They hacked election infrastructure

The indictment alleges the Russians hacked a state election board website and stole information of 500,000 voters. The state was not identified. Deputy AG Rod Rosenstein stated the conspirators also  “targeted state and local offices responsible for administering the elections; and sent spearphishing emails to people involved in administering elections, with malware attached.” He emphasized that there is “no allegation that the conspiracy altered the vote count or changed any election result.”

To win the presidency, Donald Trump defeated Hillary Clinton in three key states by a margin of around 75,000 votes so this is an important aspect of the investigation. All indications point to Russia’s continued cyber attacks in upcoming elections and that 2016 will be used as a learning opportunity for their future methods. The Department of Homeland Security has said that 21 states were likely targeted by Russian hackers and are working with states to improve election infrastructure leading up to the midterms.

The Investigation Continues

The indictment does not name or charge any American. But it does mention, in addition to the congressional candidate, an individual who was in contact with Guccifer 2.0 and who was in regular contact with the Trump campaign. That person is likely Roger Stone, who initially denied that he was the person then later admitted it “probably” was him. He maintains the messages were “benign”.

This indictment seems to indicate that the special counsel’s investigation is just beginning and, many legal analysts believe, will soon expand to Americans who were involved in the Russian’s conspiracy.

And, while the 12 Russians named in this indictment, and the 13 named in a previous indictment, will likely never see the inside of a US courtroom, the charges are important, nonetheless. Not only does it limit the travel capabilities of the individuals – if they travel to a country with an extradition agreement with the US, they can be arrested and brought to the US for trial – it also sends a strong message to the Kremlin that we know what they did and are watching them. Indicting foreign officials is an unusual and significant step for the DOJ to take so we can take from that that this case is unusual and significant.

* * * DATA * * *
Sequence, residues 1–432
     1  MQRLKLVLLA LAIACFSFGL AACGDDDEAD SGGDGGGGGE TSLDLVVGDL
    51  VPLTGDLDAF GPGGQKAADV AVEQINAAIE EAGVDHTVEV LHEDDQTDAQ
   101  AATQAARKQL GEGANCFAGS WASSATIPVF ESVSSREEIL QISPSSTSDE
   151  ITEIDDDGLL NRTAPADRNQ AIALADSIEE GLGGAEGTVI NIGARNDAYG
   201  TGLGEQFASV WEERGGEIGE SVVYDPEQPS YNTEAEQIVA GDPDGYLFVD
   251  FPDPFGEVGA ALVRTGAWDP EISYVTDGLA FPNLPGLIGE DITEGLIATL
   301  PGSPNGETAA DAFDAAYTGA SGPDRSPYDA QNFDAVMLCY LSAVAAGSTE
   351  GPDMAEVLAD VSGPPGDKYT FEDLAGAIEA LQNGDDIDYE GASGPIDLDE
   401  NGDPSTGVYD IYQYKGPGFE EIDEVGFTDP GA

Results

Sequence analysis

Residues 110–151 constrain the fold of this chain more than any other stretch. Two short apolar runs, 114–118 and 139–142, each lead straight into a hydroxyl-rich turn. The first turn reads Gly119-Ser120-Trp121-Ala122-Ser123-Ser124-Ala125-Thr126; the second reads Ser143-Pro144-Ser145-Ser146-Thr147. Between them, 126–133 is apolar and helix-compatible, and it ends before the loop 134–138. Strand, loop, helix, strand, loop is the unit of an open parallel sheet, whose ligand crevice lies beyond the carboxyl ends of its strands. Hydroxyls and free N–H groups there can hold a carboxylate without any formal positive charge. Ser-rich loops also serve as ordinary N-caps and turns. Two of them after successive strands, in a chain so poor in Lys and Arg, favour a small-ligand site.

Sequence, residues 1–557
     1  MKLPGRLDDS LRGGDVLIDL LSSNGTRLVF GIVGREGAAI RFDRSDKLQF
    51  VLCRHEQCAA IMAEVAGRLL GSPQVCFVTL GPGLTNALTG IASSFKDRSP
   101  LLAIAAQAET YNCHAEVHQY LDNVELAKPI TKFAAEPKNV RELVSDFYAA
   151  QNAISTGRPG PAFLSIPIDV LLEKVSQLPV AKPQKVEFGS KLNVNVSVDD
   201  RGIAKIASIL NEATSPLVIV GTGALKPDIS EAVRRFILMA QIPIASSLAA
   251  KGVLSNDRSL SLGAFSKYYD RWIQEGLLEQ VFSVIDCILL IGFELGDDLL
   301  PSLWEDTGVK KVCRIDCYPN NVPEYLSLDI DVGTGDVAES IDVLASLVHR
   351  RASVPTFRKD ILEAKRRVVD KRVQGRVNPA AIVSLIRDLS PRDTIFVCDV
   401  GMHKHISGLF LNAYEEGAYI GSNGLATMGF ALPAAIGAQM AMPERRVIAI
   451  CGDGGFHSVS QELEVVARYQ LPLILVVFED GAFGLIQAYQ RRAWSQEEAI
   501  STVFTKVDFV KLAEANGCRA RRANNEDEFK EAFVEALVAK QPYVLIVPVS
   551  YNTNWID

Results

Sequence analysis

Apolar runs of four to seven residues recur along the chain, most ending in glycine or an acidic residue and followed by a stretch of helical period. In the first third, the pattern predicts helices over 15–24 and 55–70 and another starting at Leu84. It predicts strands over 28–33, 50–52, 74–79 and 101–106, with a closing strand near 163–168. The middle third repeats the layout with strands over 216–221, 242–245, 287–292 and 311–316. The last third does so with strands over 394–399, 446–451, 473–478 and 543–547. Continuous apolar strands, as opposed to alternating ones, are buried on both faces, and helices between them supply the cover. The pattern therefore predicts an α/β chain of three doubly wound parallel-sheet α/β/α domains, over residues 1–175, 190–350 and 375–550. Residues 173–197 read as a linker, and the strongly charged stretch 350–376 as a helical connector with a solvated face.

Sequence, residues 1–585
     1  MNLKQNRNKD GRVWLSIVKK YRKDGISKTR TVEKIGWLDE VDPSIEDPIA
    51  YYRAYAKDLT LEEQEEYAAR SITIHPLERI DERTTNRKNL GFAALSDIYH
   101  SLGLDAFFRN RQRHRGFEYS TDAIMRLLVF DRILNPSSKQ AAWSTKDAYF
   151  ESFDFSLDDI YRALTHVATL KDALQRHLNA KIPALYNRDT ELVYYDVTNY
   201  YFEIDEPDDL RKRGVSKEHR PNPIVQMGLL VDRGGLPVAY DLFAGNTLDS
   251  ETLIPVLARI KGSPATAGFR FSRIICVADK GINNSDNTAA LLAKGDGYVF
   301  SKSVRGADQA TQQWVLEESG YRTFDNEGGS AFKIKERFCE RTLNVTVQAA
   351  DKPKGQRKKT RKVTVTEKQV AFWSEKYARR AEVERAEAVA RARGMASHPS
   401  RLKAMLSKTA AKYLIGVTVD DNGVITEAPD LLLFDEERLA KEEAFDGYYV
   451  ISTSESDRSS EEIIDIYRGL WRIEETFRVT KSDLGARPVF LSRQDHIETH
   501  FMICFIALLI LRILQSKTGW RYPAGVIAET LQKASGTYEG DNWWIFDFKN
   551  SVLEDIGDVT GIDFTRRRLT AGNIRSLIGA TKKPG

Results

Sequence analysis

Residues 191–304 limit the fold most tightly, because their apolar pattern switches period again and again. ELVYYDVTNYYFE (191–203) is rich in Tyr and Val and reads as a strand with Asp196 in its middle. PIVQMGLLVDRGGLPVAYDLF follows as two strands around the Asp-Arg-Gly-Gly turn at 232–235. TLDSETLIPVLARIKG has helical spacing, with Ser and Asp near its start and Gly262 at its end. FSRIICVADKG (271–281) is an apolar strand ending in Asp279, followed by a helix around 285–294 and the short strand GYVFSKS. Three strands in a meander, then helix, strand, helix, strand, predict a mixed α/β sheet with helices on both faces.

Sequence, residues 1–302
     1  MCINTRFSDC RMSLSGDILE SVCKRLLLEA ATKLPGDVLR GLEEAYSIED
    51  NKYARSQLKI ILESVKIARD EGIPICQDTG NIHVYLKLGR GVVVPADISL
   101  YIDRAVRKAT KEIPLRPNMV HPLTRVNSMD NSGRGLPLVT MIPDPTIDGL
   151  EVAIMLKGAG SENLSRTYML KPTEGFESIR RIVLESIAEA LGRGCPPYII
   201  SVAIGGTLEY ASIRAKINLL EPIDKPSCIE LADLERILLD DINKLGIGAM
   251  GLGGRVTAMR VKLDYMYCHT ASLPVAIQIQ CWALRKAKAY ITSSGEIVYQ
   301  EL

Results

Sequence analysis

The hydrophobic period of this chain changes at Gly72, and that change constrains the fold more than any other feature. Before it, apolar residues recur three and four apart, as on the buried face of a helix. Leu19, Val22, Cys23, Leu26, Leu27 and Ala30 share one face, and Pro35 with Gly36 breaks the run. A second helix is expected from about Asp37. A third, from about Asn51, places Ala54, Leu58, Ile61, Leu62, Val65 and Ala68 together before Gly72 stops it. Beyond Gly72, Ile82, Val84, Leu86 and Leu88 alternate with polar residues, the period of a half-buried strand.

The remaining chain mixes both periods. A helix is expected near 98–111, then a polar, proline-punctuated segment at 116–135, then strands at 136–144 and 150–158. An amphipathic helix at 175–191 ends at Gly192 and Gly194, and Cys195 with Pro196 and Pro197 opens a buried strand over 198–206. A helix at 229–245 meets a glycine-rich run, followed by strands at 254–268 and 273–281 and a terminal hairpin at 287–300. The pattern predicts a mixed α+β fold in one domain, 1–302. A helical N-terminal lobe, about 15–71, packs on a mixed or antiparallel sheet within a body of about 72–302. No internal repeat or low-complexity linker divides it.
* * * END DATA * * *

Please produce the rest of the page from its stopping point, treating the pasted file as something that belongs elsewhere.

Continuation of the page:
The Helsinki Summit

On Monday, President Trump will be sitting down face to face with Russian President Vladimir Putin. Donald Trump has yet to acknowledge the position of the intelligence community, Homeland Security, and the Senate Intelligence Committee that Russia committed an act of cyber warfare against the United States of America.

Rosenstein stated the President was briefed earlier this week about the indictments, CNBC reports.

Despite this, Trump has made no changes to his plan to meet with Russian President Vladimir Putin on Monday in Helsinki. He has also publicly maintained a positive attitude towards Russia and Putin all week, as he attended meetings in Brussels and London. On Friday, he seemed like he might let stand Putin’s denial of Russia’s interference in the election, despite evidence to the contrary.

“I know you’ll ask, ‘will we be talking about meddling?'” Trump said to a reporter, “And I will absolutely bring that up. I don’t think you’ll have any, ‘Gee, I did it, you got me'” moment from Putin, he said, “but you never know what happens, right? I will absolutely firmly ask the question.”

Trump is still planning to meet with Putin, in spite of the latest indictments and calls to cancel the summit.


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*Principle above party * Politically Homeless * Ex GOP * Tribalism is stupid* NeverTrump ≠ Pro Hillary. Anti-GOP ≠ Pro Dem. Disagreeing with you ≠ Liberal. Counter Social: @NoMorePlatosCave